Remaining A Nervous Energy Bull

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Includes: CVX, HAL, IYE, OIH, SLB, XLE, XOM
by: Brian Gilmartin, CFA

Exxon Mobil (NYSE:XOM) and Chevron (NYSE:CVX) reported their Q2 2016 financial results last Friday. The results -- particularly Exxon's -- took some of the shine off the forward estimates of the energy sector that were, in fact, looking quite good as we head into the second half of 2016.

Q4 2016's energy sector earnings growth had been looking pretty good week after week, as I noted when I updated this blog each Saturday. Take a look at this spreadsheet: FC - EnergyEst8216PostExxon.

The first block highlighted is the trend in Q4 2016 estimates. Note the sharp drop in Q4 2016 growth between July 29 and Monday, Aug. 1, 2016.

As soon as Exxon's numbers hit the wires Friday morning, July 29, my first thought in terms of the sector earnings revisions was: "This won't be good." That turned out to be an accurate, off-the-cuff assessment. After writing about energy and basic materials on July 23, knowing Exxon and Chevron were poised to report their Q2s, I was convinced the energy sector would continue to outperform into the back half of 2016.

While there is a little more anxiety over the sector given the trend in crude oil and Exxon's and Chevron's numbers, note the bottom half of the above-linked spreadsheet. Exxon's numbers and expected growth in 2017 didn't budge at all with last Friday's huge miss.

The other aspect to the Exxon forward estimates is that forward revenue growth is improving far faster than EPS. Exxon's 2016 revenue growth -- despite last Friday's horrid miss -- is still showing steady improvement. Here is the recent Energy sector revenue growth history:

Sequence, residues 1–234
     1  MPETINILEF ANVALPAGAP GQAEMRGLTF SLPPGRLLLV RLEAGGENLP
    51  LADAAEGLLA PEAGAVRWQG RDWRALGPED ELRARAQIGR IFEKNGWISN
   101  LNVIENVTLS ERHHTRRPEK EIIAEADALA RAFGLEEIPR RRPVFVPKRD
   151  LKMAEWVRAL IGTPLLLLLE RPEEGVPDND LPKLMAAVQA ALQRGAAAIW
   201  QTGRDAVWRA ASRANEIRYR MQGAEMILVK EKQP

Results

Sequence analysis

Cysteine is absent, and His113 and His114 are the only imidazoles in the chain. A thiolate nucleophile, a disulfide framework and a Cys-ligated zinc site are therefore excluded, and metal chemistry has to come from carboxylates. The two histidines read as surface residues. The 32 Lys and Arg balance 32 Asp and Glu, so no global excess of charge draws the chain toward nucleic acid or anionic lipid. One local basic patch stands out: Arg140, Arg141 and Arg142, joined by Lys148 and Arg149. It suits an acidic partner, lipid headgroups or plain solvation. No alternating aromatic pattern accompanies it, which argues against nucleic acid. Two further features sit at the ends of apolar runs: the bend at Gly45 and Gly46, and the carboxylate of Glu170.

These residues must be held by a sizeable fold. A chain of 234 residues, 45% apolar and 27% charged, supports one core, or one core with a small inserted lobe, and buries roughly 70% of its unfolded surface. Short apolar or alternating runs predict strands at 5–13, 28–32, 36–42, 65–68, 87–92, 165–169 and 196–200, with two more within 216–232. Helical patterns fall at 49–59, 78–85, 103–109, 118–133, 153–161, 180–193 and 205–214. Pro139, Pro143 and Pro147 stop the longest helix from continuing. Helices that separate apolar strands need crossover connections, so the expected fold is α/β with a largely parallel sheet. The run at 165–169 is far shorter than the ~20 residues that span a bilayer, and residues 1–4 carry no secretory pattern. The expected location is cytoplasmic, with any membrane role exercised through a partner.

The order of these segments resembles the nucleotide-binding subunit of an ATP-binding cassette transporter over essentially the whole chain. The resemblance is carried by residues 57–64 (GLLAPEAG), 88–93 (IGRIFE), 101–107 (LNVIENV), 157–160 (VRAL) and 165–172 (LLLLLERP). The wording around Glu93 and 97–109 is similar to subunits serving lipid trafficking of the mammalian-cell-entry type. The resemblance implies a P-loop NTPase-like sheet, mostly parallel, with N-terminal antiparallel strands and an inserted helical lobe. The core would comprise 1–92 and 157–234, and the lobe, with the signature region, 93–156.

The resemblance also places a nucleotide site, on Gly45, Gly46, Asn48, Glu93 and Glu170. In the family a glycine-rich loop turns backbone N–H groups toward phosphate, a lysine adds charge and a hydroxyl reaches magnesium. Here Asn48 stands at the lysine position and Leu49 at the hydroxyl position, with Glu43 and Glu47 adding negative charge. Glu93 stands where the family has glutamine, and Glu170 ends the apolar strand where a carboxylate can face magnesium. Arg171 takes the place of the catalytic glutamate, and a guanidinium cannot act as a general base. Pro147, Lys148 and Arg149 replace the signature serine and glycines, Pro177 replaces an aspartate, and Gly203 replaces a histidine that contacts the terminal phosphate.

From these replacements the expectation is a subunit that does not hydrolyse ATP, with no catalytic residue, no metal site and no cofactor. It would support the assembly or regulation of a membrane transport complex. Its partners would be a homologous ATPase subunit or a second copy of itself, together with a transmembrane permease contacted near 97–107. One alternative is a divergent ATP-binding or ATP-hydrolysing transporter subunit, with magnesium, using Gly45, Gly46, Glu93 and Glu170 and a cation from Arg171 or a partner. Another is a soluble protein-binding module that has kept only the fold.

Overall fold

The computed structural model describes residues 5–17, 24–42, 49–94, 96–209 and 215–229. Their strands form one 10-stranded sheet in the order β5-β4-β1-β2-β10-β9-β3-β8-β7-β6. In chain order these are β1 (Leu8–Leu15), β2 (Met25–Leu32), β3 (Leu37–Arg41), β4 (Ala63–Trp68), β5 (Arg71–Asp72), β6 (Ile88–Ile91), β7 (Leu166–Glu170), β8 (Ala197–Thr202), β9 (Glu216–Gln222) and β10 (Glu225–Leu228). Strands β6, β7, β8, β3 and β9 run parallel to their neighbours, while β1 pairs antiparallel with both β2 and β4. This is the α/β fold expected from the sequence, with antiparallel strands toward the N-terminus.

• Q2 2016: -24.7% (as of Aug. 1, 2016)
  • Q1 2016: -29.6%
  • Q4 2015: -35.4%
  • Q3 2015: -35.9%
  • Q2 2015: -31.7%
  • Q1 2015: -34.7%
  • Q4 2014: -13.5%
  • Q3 2014: -2.6%
  • Q2 2014: +3.3%

The bottom sure looks to be in as Energy sector revenue is still deteriorating, but at an improving rate.

Conclusion

Remember, there is a difference between the commodity crude oil and energy stocks. The projected revenue and EPS growth, even if it is just half of what is expected, is still a healthy rate of growth.

What makes me nervous? Gasoline consumption drives about half the demand for U.S. crude oil distillation. Electric cars, better mileage, aluminum trucks, etc. all are poised to reduce the demand for gasoline over the next five, 10, and 20 years.

Exxon, Chevron, Schlumberger (NYSE:SLB), and Halliburton (NYSE:HAL) are the lion's share of the energy sector's revenue and EPS. All these stocks remain above their 200-day moving averages, and the technicals have improved nicely since the Q1 2016 bottom.

The sentiment around the sector is pretty uniformly bearish with the July drop in crude oil. My plan is to hold the ETFs mentioned in the disclaimer below into 2017 and evaluate the earnings results each quarter. However, the positions can change at any time.

Disclosure: Long XLE, IYE, OIH for clients, with a small position in XOM directly.